Perhaps the most annoying aspect I found in LROL is the fact that the whole game feels as though it was programmed by an amateur. I don’t know if the GBA simply doesn’t pack enough power to move 4 or 5 sprites on-screen at once, but there is an incredibly huge slowdown issue in this game (yes, slowdown in an RPG – the mind baffles). If you even attempt to move quickly, the game stumbles to a crawl. Even the control is terrible (partially due to the slowdown). There will be plenty of times when you actually miss a turn in the dungeon because the game is chop, chop, chopping along as you make your way down the garbled corridor. I find it an insult to gamers that Atlus believed they could release such an obviously buggy game (and there ARE other bugs, go ahead and visit a LROL-specific forum and you will see what I mean).
I know that Lufia games aren’t exactly renowned for their deep, engrossing storylines (they generally amount to, “big bad Sinistral comes down to wreak havoc.”) However, the storyline in this game falls flatter than even the worst RPG’s. Evil Empire out to rule the world? Check. Cliché characters and even more cliché character interaction? Check. Recycled environments that annoy you even more the second, and sometimes third time you have to go all the way through them again? Check, and double check. Overall, the plot will not engross you, you will wish the dialogue would go away, and you will have no reason to continue on with the game.
Every once in a while a game will come along that looks so amazingly good that you are willing to forgive a few of its failing points. LROL is not that game. While the artwork and sprites are not technically bad standing still, the second ANYTHING at all moves in the game, the whole thing falls to pieces. Sporting what cannot be more than a frame or two of animation, LROL flickers and chops its way throughout the entire game. Playing LROL on the GBA screen makes things slightly better, as the graphical glitches are not as self-evident, but try playing this thing using the Game Boy Player, and I can guarantee you that the seizure will kick in faster than watching a Pokémon marathon in Japan.
Surprisingly, the music in LROL is not half bad. When you have a game that is so obviously hacked together, it often comes as a complete surprise to see something done right. The music is fitting, varied, and does not get overly annoying. The sound effects are terrible, but I am willing to forgive that in favor of a decent soundtrack. While nothing you would want to listen to over and over, at least it doesn’t completely ruin what is already a very ruined experience.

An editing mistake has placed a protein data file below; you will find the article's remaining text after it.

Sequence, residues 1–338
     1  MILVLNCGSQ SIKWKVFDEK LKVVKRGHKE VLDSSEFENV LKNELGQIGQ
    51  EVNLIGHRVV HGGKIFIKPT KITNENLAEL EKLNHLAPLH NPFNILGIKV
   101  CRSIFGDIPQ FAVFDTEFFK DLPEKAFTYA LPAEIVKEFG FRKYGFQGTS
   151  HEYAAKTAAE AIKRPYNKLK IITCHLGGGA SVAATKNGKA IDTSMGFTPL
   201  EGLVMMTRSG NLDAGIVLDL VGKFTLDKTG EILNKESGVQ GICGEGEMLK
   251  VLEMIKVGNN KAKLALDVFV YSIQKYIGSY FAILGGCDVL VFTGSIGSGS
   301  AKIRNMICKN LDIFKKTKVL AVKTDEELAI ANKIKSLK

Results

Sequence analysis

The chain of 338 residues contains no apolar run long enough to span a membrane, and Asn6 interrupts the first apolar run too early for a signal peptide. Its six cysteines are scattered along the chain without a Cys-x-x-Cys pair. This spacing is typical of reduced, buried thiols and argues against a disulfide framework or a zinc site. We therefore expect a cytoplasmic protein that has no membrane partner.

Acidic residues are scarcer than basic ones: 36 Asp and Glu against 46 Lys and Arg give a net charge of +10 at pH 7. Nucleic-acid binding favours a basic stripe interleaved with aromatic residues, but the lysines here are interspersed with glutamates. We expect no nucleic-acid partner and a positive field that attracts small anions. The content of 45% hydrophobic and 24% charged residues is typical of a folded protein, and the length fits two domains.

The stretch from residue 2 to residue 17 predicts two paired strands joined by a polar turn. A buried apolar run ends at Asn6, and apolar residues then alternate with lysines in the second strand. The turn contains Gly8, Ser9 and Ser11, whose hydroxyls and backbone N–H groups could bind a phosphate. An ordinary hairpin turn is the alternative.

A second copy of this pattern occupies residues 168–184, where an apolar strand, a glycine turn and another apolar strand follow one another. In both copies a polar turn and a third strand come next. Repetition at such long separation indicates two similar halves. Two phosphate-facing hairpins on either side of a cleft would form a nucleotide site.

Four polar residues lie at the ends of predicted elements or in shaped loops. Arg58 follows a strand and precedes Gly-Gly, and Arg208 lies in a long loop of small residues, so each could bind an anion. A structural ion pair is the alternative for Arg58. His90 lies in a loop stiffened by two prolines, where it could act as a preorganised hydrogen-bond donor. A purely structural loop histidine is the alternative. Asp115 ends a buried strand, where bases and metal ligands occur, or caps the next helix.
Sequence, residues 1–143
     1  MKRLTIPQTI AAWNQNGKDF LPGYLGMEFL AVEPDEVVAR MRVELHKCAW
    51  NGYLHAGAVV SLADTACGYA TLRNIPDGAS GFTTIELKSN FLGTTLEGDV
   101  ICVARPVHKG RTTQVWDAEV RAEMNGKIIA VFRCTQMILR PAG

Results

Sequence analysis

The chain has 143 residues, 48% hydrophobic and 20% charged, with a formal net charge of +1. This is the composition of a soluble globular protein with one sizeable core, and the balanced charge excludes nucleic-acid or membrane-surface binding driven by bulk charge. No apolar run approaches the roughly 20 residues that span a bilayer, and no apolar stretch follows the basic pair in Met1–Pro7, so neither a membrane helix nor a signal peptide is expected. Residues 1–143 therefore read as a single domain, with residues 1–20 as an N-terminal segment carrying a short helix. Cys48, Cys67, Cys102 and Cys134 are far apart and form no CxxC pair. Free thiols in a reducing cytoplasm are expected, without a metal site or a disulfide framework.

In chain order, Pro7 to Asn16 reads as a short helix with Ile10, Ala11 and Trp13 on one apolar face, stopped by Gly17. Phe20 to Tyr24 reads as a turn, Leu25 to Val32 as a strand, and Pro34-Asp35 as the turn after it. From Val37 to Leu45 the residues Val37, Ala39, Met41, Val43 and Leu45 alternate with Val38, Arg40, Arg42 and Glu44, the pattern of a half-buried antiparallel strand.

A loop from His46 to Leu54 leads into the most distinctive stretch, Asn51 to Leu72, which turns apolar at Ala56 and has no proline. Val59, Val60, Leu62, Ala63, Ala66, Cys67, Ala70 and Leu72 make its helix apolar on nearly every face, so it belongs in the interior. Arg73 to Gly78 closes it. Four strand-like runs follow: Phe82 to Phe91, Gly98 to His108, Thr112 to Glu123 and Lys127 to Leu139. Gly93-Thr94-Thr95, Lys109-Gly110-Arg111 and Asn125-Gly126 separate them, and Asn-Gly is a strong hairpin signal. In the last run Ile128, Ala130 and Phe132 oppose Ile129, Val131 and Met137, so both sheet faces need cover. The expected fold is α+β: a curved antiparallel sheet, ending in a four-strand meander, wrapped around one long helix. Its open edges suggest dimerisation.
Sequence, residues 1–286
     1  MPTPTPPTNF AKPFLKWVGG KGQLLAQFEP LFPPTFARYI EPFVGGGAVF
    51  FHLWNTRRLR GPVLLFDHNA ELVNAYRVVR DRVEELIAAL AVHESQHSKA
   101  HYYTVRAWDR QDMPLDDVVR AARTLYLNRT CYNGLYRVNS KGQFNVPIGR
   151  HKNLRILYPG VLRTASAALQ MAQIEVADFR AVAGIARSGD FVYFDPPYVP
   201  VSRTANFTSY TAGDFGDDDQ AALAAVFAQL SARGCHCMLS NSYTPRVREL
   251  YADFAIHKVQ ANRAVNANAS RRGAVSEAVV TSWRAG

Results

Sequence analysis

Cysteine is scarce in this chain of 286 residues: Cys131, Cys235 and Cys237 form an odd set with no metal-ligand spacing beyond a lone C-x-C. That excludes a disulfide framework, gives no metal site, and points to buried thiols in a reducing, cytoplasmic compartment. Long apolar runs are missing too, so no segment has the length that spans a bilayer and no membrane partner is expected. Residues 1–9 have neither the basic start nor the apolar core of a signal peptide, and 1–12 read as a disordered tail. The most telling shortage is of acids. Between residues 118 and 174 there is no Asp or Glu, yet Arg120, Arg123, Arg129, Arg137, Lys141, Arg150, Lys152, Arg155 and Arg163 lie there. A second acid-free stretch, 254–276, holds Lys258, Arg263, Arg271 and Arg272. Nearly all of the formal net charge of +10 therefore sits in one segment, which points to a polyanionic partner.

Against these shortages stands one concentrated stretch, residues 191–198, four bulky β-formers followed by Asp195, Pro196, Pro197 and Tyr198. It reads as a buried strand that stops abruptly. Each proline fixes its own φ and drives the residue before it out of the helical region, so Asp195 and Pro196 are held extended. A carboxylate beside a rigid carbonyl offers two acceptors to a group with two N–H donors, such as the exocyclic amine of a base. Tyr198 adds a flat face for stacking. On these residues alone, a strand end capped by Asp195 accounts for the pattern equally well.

Despite all of my hatred for this game, the final kick to the face for me came at the very end of the game. After slogging through about 30 hours of pure RPG torture, I finally presented myself before the final boss. He destroyed me. In fact, he so utterly destroyed me that I began to wonder how I could possibly have arrived in front of him at such a low level (my characters were having absolutely no trouble at all with the random encounters in the final dungeon). I did some researching online and it turns out that I am not the only one with this problem. It seems that the two best ways to beat him are to either a) level up atrociously high before mixing it up with him or b) create an insanely convoluted skill set which would also involve hours and hours of hard work. After hacking my way through this mess of a game, I opted for option c) putting it away and never, ever returning.
The point of this review is three-fold. It is, first, a means of letting you, the reader, know that you will not enjoy this game, and to pick it up is both folly and a complete waste of whatever amount of money you throw away on it. Two, it is a lesson learned that while sometimes nostalgia can get the best of all of us, from time to time it really is better to rent first rather than trust in developers who are obviously past their prime. Lastly, this review is a vent to let off the extreme frustration I have faced throughout this ordeal. Never before have I had to slog through such an obviously terrible game, and with a little luck, never will I have to do it again. In short, save your money and sanity. The next Lufia 2 has not arrived; let us look to the future instead.